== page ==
Some older, more established projects don’t have teams, but entire communities. Cryptocurrency is first and foremost decentralized, so a lot of the groups building these projects are as well. Look at their Reddit, Twitter, or Telegram channels to see who’s engaging with the project. See if there’s positive sentiment around it and check if there are any backers you’re impressed by. Also, if decentralization is a concept you believe in, then give coins with decentralized teams more value.
Another indicator of a project’s strength is who’s supporting it. While smart strategical partners may influence the project, they also give it stability. NEO is working with the Chinese government. If the government of the largest country and the strongest emerging economy on the planet believes in a product, that may give it additional value.
What Does the Coin Do?
It may seem like these coins are all just a ticker and market cap, but they serve a purpose as well. Some coins provide liquidity, some can be redeemed for other services, some act as securities, and some are basically just membership cards.
Coins like Bitcoin or Dash have really broad use cases – aiming to be the gold and cash of cryptocurrencies respectively. Ether and NEO’s GAS are forms of payment in their own DApp ecosystems. Other tokens have even more specific uses. Golem allows users to rent out unused computer space in payment for its token. It may be a single use case, but the value of the coin is straightforward.
Other coins aren’t as straightforward. EOS, currently 6th in market cap, is a DApp platform that has a token, but according to their website, “The EOS Tokens do not have any rights, uses, purpose, attributes, functionalities or features, express or implied, including, without limitation, any uses, purpose, attributes, functionalities or features on the EOS Platform.” Some believe this language is just in the contract to absolve any liability from EOS, but it’s still something you should consider in your evaluation.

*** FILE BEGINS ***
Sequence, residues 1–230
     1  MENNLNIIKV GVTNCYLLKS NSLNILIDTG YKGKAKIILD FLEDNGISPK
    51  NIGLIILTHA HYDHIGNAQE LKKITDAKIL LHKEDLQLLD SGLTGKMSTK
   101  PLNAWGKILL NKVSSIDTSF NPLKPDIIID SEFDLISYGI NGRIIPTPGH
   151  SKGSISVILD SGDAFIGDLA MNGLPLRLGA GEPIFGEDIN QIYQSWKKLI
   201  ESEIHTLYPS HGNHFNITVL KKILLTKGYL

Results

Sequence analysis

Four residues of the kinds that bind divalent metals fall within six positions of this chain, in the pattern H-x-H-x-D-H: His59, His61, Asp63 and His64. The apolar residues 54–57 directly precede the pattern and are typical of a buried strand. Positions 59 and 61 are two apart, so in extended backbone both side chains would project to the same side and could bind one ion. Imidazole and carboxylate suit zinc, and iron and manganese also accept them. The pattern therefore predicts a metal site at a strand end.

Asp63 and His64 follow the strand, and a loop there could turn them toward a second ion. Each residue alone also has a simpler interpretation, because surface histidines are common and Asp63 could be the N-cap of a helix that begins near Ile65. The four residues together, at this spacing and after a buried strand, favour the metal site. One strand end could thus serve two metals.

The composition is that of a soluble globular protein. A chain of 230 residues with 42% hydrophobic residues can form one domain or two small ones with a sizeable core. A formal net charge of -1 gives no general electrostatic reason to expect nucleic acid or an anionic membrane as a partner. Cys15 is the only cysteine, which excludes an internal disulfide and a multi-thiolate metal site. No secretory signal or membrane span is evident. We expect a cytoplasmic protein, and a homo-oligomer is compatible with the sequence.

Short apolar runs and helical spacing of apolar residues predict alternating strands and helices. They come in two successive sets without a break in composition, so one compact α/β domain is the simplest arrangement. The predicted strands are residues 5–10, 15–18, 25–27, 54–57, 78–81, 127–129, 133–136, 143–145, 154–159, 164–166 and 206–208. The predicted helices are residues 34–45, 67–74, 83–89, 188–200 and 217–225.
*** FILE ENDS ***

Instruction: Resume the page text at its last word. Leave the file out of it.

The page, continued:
Another case is Ripple’s XRP. As discussed, it gives liquidity to bank transfers in the Ripple network. So then what’s the use case if you aren’t a large financial institution? There might not be a good one. But if you think banks will mass adopt the Ripple token, and its demand will skyrocket, then buying low now and selling to a bank later could be profitable. Having said that, if everybody is buying up Ripple and there isn’t enough of it to work for financial institutions, then there may be a problem.
The coin who’s ICO you’re about to buy into might be made by geniuses with an amazing product, but if the coin can’t be used for anything, then you should think twice before buying.
Evaluating a coin is mostly subjective. You can look at hundreds of factors and still be wrong. But, asking the questions laid out in this article will certainly set you on the right track. Next time you want to buy cryptocurrency, know what you’re buying. Knowing what the coin is used for and who created it will give you most of the information you need to make an informed decision. Your peace of mind and your bank account will thank you.
CoinCentral's owners, writers, and/or guest post authors may or may not have a vested interest in any of the above projects and businesses. None of the content on CoinCentral is investment advice nor is it a replacement for advice from a certified financial planner.